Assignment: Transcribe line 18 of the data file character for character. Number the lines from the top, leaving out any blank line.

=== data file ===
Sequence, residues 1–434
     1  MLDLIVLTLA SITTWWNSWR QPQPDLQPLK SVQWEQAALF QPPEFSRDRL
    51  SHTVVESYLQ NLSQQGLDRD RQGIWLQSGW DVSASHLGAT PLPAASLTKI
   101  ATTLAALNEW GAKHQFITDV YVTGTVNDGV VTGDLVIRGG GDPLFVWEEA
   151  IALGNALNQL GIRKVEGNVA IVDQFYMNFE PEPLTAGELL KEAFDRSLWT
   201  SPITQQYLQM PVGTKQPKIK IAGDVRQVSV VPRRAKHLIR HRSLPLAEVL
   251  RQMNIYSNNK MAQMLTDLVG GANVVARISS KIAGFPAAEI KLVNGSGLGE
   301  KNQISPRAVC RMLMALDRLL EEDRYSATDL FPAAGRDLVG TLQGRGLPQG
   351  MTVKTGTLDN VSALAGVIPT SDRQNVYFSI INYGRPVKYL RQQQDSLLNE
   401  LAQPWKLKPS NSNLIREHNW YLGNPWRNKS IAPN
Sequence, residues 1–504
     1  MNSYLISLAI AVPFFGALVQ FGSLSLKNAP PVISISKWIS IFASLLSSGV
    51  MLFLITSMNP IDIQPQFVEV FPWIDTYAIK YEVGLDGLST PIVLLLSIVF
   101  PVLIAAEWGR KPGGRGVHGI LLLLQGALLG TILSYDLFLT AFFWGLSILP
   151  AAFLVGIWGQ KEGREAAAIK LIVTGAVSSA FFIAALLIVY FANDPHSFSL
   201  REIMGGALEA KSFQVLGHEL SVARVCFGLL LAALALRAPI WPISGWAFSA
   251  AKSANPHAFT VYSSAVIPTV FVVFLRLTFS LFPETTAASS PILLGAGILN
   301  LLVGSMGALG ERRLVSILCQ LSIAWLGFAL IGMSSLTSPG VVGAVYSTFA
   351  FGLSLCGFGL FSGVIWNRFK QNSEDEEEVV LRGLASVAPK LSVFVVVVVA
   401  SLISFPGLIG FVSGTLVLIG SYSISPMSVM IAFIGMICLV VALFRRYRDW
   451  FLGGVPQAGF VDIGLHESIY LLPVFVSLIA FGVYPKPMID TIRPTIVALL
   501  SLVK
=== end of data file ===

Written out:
   301  LLVGSMGALG ERRLVSILCQ LSIAWLGFAL IGMSSLTSPG VVGAVYSTFA